Dietary Reference Intakes (DRIs) for vitamins and minerals are the primary method for determining how much you need to consume on a daily basis.
They change with respect to age and gender, and they’re designed to meet the needs of nearly all of the population. They have been put to work since 1941, and they’ve been modified over time in an attempt to constantly improve their accuracy.
There’s one glaring problem, however, with dietary reference intakes. They provide a single value designed to meet the needs of most of the population, for any given age and gender.
But the way each of us responds to different diets, both physically and mentally, is unique.
“We have different lives, different tastes, different needs, and even different biochemistry”
Take vitamin D intake in America as an example. The image below from our micronutrient intake interactive tool represents the percentage of the population, by age, meeting the DRI for vitamin D.
Not so great, right? Most studies agree that Americans are not getting enough vitamin D. But you’ll likely notice something odd around the age of 50. This isn’t due to a sudden drop in vitamin D consumption among the entire population. And while the body needs more vitamin D as one ages, this shift doesn’t happen over one fateful birthday.
We age at different rates and our biochemistry is unique. Not only do imprecise age brackets cause oddities like the 50-year-old drop in vitamin D consumption, but they fail to accommodate this innate uniqueness.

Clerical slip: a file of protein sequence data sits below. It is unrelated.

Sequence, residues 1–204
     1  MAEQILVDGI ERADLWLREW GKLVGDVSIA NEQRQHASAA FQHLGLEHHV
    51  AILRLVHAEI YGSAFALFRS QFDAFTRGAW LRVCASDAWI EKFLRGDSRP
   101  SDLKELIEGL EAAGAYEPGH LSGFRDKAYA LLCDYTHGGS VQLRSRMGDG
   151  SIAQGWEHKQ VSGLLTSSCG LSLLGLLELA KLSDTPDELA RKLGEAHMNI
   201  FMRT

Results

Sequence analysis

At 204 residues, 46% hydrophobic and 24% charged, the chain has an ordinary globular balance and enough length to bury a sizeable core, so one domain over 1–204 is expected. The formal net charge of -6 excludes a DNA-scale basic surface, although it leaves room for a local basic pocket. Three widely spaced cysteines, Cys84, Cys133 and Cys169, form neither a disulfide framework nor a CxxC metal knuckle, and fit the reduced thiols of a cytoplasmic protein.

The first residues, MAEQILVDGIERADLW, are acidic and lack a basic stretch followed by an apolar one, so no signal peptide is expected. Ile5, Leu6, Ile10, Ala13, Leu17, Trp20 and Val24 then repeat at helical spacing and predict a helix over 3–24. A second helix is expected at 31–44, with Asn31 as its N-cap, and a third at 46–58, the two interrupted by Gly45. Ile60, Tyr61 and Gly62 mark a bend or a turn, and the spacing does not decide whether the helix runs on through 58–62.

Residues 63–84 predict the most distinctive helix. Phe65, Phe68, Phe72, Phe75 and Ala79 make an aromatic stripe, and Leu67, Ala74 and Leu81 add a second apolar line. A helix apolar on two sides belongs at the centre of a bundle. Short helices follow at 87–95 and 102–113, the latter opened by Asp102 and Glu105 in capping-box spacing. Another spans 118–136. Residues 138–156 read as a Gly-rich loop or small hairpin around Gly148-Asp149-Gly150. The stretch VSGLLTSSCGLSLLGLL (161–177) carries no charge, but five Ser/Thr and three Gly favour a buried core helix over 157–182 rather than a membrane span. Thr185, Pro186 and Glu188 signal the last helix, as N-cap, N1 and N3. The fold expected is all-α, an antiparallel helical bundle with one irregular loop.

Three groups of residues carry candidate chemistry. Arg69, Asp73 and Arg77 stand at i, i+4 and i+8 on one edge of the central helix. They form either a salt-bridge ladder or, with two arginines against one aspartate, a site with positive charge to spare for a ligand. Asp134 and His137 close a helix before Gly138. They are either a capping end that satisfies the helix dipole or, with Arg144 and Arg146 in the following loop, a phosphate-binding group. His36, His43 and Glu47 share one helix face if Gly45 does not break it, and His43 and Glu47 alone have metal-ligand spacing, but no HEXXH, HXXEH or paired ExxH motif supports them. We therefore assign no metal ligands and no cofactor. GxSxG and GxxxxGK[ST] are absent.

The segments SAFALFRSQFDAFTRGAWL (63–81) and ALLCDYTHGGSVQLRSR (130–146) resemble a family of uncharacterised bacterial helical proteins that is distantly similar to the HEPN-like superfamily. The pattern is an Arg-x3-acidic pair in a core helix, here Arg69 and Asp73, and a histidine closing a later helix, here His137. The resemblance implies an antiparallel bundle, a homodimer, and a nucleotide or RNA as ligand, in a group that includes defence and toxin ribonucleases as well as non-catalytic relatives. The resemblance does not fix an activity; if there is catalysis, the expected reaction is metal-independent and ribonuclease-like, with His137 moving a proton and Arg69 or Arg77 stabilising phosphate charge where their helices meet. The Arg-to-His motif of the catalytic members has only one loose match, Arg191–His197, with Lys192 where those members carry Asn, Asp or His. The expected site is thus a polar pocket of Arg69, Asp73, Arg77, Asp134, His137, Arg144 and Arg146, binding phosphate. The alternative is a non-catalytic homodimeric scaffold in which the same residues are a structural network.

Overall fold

So an amalgam of incomplete science, statistics, and a genuine inability to test everyone all of the time, has left us with broad-based suggestions that cover large age-spans that are meant to be used by everyone.
This concept goes beyond just vitamins and minerals. Your _macro_nutrient intake composition will vary from person-to-person as well.
This explains why diets of varying macronutrient composition have all shown to be effective and ineffective for weight loss. Certain diets work well for some people, but not everyone. And even when they work for a group of people, they will work to varying degrees.
A 2015 paper in Cell showed that identical meals can produce a very different glycemic response01481-6) across the population - in large part dictated by a varying gut microbiome composition.
Studies such as these continue to show that our variable biology and lifestyles mean broad recommendations, with everything from carbohydrate to calcium intake, will usually come up short or be individually less effective.
“Certain diets work better for some, but not others. PersonalizedNutrition will be more effective.”
As technology continues to enable personalized health monitoring and big data analytics, the concept of nutritional DRIs should, and will, change. Dietary reference intakes will cease to be broad-population, statistics-based recommendations.
They will become personal. Genetic testing, gut microbiota profiling, and diet and activity tracking will enable everyone to determine their needs and track their ongoing nutritional health to produce their own, personal dietary reference intake for that particular moment in time.
Dietary risks are the greatest disease risk in America. Identifying and tracking these needs on the individual level is needed.
Fortunately, the ability to collect and track nutrition data is becoming easier and quickly approaching. That will mean more personalized nutrition and better health for all.
What do you think? Are we approaching a post-DRI world?
Intake’s mission is to improve global health through data-driven nutrition. Our blog provides information, education, tools, and tips about all things related to nutrition, including healthy eating, disease prevention, peak performance, and personalization. Sign up for alerts on new posts and product updates!